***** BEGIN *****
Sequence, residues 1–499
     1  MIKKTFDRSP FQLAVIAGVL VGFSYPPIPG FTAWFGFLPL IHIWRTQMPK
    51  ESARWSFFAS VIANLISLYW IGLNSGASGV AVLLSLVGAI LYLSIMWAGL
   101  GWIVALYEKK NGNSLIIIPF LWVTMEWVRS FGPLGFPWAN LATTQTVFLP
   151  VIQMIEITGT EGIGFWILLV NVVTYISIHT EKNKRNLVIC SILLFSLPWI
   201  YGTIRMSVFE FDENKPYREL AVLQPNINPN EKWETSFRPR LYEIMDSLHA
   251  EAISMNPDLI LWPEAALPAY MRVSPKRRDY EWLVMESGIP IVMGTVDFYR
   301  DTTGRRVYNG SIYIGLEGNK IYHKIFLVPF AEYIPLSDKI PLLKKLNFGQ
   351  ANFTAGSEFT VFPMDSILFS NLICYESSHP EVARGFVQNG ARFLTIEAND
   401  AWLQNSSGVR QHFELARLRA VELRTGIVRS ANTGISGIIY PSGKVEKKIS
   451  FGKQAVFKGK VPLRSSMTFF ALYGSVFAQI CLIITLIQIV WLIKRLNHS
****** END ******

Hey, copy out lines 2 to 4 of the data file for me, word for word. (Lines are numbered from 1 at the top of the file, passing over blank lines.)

     1  MIKKTFDRSP FQLAVIAGVL VGFSYPPIPG FTAWFGFLPL IHIWRTQMPK
    51  ESARWSFFAS VIANLISLYW IGLNSGASGV AVLLSLVGAI LYLSIMWAGL
   101  GWIVALYEKK NGNSLIIIPF LWVTMEWVRS FGPLGFPWAN LATTQTVFLP